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Friday, March 13, 2015

On The Surface

The surface quality of my plein air painting is a critical part of my process.  Every aspect of my painting process involves a thoughtful concern for the surface structure and support.  It is literally the foundation for my creation.
Exposed board representing darker values within the painting.
The grain influencing the overall texture within the painting.

My first consideration for a painting is the location and the composition.  I am trying to anticipate what my painting will be about before I leave the house.  I consider the light and atmosphere, the time of year and the time of day, and I try to determine the main color scheme of the painting.  I pull all of these possibilities together and start making decisions.  
Colors influencing colors.  The reaction of one color against another color creates a series of color decisions.  In this way the underpainting shapes the color scheme of the entire painting.

As I process all of this information I decide whether to paint on a board or on sanded paper.  I will choose to paint on a board about 95% of the time.  The factor determining whether to paint on paper or board usually revolves around time.  It takes a lot longer to build my painting on paper because I start with a detailed underpainting in water colors.  The other considerations are the weather conditions and the length of distance from the car to the painting location.

The nature of my painting revolves around instinctive color choices.  These color choices are tied to my unique way of seeing the landscape.  Whatever color I choose for the board influences all of the color choices I make as I am painting.  In addition to influencing my color choices, the underpainting also effects the way the colors appear on the board.  In a way this extends and changes my pallet of colors for each painting.  As important as the color choices are, the mark making choices complement them if I am doing it right.  The use of sanded plywood enhances my ability to unique mark making.
Everything coming together within the detail of the painting.

What started out as an inexpensive way to build pastel supports has turned into an integral part of my art creation.  My board making process has evolved over the last couple of years.  I have worked my way through masonite, luan, red oak, and ended up with a sanded, good two side plywood.  
The ingredients to my painting structure: pumice gel and acrylic paint.
Acrylic pumice gel mixture, a 3 inch house paint brush and sanded plywood ready for prepping.
Here is my mixture before it is mixed together.  I am constantly playing with the ratios of colors and pumice gel.

I go to the local Home Depot and pick out several straight 4'X 8' sheets of plywood with a minimum amount of defects.  I pay close attention to the overall straightness, warp, splits, gaps, and the grain of the plywood.  I have the lumber associate cut them down into 2'X 3' sizes for the most part.  I prepare the boards I am going to paint on the morning of my painting.  I will pick the colors of acrylic paint I am going to mix with the fine grain pumice gel from Golden.  I am constantly changing up the mixtures and combination of paint and pumice gel.  The grain of the wood and the grit of the pumice gel create a unique surface that I am able to change based on mood, subject, or level of interaction I want to create.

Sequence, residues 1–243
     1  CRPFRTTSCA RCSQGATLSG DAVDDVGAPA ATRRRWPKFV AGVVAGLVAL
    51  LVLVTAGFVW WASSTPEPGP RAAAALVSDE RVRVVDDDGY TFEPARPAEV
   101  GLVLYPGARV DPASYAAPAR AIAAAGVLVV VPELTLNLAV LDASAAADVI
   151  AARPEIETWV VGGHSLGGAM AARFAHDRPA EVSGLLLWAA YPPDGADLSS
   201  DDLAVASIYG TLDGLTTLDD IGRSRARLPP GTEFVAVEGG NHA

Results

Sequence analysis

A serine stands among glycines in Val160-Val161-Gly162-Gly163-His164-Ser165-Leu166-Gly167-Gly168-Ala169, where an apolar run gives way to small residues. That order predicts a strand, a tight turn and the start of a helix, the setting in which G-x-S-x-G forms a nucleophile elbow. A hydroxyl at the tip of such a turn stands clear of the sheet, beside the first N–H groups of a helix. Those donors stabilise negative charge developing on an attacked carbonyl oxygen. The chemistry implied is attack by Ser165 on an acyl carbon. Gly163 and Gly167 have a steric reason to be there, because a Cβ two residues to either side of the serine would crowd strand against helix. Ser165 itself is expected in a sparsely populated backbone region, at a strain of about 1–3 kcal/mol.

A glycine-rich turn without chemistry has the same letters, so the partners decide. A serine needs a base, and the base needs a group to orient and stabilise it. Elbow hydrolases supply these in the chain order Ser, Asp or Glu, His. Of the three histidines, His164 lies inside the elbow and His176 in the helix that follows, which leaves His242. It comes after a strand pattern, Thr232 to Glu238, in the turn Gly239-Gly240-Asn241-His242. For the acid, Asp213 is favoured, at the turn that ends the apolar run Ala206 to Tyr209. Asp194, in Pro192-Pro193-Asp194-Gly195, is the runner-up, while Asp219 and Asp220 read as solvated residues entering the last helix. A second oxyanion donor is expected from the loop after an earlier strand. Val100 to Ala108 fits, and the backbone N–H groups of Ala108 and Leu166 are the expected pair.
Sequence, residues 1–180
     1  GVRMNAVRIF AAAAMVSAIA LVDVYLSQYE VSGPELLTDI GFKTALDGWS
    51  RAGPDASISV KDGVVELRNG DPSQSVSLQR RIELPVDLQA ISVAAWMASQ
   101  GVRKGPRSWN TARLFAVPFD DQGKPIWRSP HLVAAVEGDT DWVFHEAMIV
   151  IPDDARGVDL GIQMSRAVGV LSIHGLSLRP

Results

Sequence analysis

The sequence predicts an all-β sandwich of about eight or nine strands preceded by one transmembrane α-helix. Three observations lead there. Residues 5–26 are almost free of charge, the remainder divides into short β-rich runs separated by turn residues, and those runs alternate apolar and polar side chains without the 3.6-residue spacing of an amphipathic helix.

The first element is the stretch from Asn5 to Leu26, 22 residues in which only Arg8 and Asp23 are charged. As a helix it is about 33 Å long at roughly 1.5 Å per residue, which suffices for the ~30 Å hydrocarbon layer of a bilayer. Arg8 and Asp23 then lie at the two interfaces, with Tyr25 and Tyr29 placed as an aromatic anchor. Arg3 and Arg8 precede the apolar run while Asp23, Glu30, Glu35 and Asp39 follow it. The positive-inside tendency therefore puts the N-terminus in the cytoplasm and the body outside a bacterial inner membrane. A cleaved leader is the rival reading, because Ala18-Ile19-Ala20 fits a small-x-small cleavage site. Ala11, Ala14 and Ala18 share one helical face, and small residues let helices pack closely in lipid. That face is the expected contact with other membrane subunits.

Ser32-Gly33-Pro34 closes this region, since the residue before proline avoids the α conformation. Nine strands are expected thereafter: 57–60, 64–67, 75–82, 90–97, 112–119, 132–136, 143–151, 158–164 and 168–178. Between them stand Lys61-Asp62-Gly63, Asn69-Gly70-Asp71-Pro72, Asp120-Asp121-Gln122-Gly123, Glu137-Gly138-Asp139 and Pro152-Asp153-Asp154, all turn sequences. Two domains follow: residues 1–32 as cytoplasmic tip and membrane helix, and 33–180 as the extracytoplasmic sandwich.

Here is the color as it appears on the board.
Sometimes I will leave chunks of paint unmixed within the paint tray.  This helps create interest within the underpainting.  It can create a subtle variegation.  I also experiment with the opacity of the underpainting.  The less opaque mixtures have a glow that comes from beneath the surface.
Here I am trying to show the color / value difference possible with my board preparation.  The variety of values and colors at my disposal for my underpaintings extends my pallette dramatically.

The value of the color of my underpainting is another key aspect to the surface interest I am trying to create in my paintings. Generally, I will pick a underpainting value that is light, medium, or dark. Each value choice influences the way I am trying to paint.  If I am painting on a middle value board, I will work in both value directions to build up to my finish.  I will leave parts of the board untouched to represent that specific value in the composition. This choice gives me the most options.  When I am painting on a lighter value board I will generally work from the darkest values to the lightest.  In this case, when possible, I will leave the untouched board as the lightest value / color in the painting.  Painting on the darker value boards allows me to create dramatic landscapes.  The exposed board represents the darkest shadows within the painting.
In this photo you can see the influence of the underpainting in areas that are for the most part completed.  You can also see how I use the exposed areas in the background as the darkest value within the background.
One of the ways that surface interest is created in my paintings is the grain in my structure.  The grain in the board helps unify the painting by exposing the underpainting throughout the entire painting.
When I am building my painting, I am thinking of complimentary colors and their reaction to the underpainting.
Normal mark making becomes more interesting with the interplay of the grain on the board.
The visibility of the grain and the exposure of the underpainting changes the color being put down and adds character and complexity to the colors.
My reaction to the colors as they are put down on the board influence each successive color decision.
Marks made on the surface become more individualistic on this surface.  The unpredictability of the grain becomes another foil that I interact with.